The Word of the Lord Is upon Me: The Righteous Performance of Martin Luther King Jr.

June 1, 2009

Last year marked the 40th anniversary of the assassination of Martin Luther King Jr., and anyone who followed the media coverage of that occasion understands all too well that the identity of the civil rights leader is fiercely contested. American pop culture idolizes King as an optimistic dreamer, conservative politicians depict him as a color-blind universalist, and leftist scholars paint him as an ethnocentric black prophet. And these are just three of many points of view.

Jonathan Rieder, a professor of sociology at Barnard College, has boldly entered this raging and race-conscious debate, and we should be grateful for his contribution. It is arguably the most creative book about King to date.

Rieder offers neither the typical narrative of King’s life nor a predictable analysis of his theology and politics. The Word of the Lord Is upon Me is part sociology, part anthropology, part linguistics—and an altogether illuminating study of the various forms of King’s language (“jokes, eulogies, sermons, speeches, chats, storytelling, exhortations, jeremiads, taunts, repartee, confessions, lamentation, complaints, and gallows humor”) and of the intriguing ways he used words to hide and reveal his “inner states” in various contexts.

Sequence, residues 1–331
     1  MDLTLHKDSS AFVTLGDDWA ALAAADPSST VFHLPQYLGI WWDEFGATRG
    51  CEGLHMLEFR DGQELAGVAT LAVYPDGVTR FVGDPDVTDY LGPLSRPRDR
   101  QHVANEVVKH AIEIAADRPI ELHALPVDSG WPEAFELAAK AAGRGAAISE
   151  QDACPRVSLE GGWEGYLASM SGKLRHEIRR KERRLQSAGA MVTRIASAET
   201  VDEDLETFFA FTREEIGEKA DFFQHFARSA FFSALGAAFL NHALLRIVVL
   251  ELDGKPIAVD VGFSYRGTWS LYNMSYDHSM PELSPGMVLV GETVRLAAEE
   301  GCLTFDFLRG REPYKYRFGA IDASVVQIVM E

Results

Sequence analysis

With a remarkable gift for nuance, Rieder ends up arguing that King was “a ‘postethnic’ man who could articulate his sense of self by drawing from a rich repertoire of rhetorics and identities.” That’s a bold thesis—at least in part. The less intriguing part is Rieder’s mundane claim that King was eclectic in his use of sources and that he revealed different aspects of himself to different audiences. That much is old news, and a bit boring at this point. The more fascinating and controversial part centers on King’s identity as “a ‘postethnic’ man.” In arguing this, Rieder faults James Cone for “flirting with a romance of racial authenticity that seemed to say the real King was the black King, and the black King was the one who talked black, which in Cone’s rendering meant the language of spirituals and the blues.”

It’s not that Rieder wants to downplay King’s blackness. That would be foolish, of course, and Rieder devotes the bulk of his book to showing that King’s “performances”—from front-stage speeches and sermons to backstage banter with friends—gave expression to “the primacy of King’s black core.” Rieder’s sharp analysis leaves no doubt that King was a “brother” for whom blackness became increasingly significant throughout his short life.